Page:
The Architecture for the Digital World

ARM architecture forms the basis for every ARM processor. The ARM architecture is similar to a Reduced Instruction Set Computer (RISC) architecture, as it incorporates these typical RISC architecture features:

  • A uniform register file load/store architecture, where data processing operates only on register contents, not directly on memory contents.
  • Simple addressing modes, where all load/store addresses are only determined from register contents and instruction fields.

Over time, the ARM architecture has evolved to include architectural features to meet the growing demand for new functionality, high performance and the needs of new and emerging markets, establishing it as the leading architecture in many market segments. It supports a very broad range of performance points leading to very small implementations of ARM processors, and very efficient implementations of advanced designs using state of the art micro-architecture techniques. Key attributes of the ARM architecture are implementation size, performance, and low power consumption.

Introduction to ARM Architecture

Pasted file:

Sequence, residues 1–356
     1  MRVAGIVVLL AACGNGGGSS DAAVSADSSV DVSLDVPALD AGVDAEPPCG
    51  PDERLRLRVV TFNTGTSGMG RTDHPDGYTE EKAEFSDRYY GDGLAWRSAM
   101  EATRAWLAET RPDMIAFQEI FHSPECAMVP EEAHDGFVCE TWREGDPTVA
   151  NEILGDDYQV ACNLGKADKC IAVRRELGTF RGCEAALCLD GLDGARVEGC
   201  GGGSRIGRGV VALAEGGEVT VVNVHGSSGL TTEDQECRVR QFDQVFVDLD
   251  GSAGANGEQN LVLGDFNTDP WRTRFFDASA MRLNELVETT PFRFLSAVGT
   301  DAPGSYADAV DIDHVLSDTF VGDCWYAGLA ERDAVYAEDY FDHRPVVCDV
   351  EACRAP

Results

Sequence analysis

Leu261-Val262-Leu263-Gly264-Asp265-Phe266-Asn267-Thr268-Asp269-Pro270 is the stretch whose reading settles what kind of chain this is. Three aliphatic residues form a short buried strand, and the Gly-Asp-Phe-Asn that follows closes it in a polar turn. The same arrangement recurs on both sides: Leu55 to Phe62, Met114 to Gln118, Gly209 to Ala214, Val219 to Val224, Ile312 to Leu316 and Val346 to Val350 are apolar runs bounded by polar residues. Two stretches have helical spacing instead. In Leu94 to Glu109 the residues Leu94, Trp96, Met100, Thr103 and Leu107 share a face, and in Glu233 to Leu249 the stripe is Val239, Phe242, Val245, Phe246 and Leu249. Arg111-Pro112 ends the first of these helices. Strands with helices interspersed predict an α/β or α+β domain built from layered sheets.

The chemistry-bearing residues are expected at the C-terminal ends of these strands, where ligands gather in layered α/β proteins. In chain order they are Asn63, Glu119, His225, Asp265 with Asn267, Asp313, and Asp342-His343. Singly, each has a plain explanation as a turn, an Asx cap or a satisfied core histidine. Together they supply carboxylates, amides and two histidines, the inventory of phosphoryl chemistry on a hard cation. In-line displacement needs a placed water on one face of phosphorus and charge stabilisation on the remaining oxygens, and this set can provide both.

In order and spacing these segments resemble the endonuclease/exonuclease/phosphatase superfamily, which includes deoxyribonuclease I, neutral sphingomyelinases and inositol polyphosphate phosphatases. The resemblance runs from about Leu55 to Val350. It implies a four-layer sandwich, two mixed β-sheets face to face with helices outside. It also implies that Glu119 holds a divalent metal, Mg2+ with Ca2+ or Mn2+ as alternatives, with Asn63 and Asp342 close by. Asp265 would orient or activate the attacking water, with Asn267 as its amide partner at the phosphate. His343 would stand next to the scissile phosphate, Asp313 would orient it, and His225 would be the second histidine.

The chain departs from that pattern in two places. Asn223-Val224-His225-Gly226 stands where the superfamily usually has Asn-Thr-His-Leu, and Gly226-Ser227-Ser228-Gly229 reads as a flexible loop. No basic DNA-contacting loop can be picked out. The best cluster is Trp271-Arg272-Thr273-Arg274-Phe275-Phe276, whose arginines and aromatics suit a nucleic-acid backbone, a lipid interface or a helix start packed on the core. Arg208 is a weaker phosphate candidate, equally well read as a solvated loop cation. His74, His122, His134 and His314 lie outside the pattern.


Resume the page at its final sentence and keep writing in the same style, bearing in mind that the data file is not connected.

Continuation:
Enhancements to a basic RISC architecture enable ARM processors to achieve a good balance of high performance, small code size, low power consumption and small silicon area. The ARM architecture has evolved over time, introducing several architecture extensions throughout its history. These include:

  • Security Extensions (TrustZone® technology)
  • Advanced SIMD (NEON™ technology)
  • Virtulization Extensions, introduced in ARMv7-A.
  • Cryptographic Extensions, introduced in ARMv8-A.

ARM produces a whole family of processors that share common instruction sets and programmer’s models and have some degree of backward compatibility. Processors implementing the ARM Architecture conform to a particular version of the architecture. These are:

Latest versions (ARMv8 architectures)

The latest architecture ARMv8 architecture has three variants of the architecture describing processors targeting different markets:

  • The ARMv8-A architecture is the latest generation ARM architecture in the A-profile. It heralded the introduction of a 64-bit (AArch64) architecture alongside the well-established 32-bit (AArch32) architecture, and allows different levels of AArch64 and AArch32 support.
  • The ARMv8-R architecture is the latest generation ARM architecture in the R-profile. This architecture includes a deterministic memory structure and a Memory Protection Unit (MPU), and supports the A32 and T32 instruction sets.
  • The ARMv8-M architecture is the latest generation ARM architecture in the M-profile. It defines an architecture aimed at low cost deeply embedded systems, where low-latency interrupt processing is vital. It uses a different exception handling model to the other profiles and supports the T32 instruction set.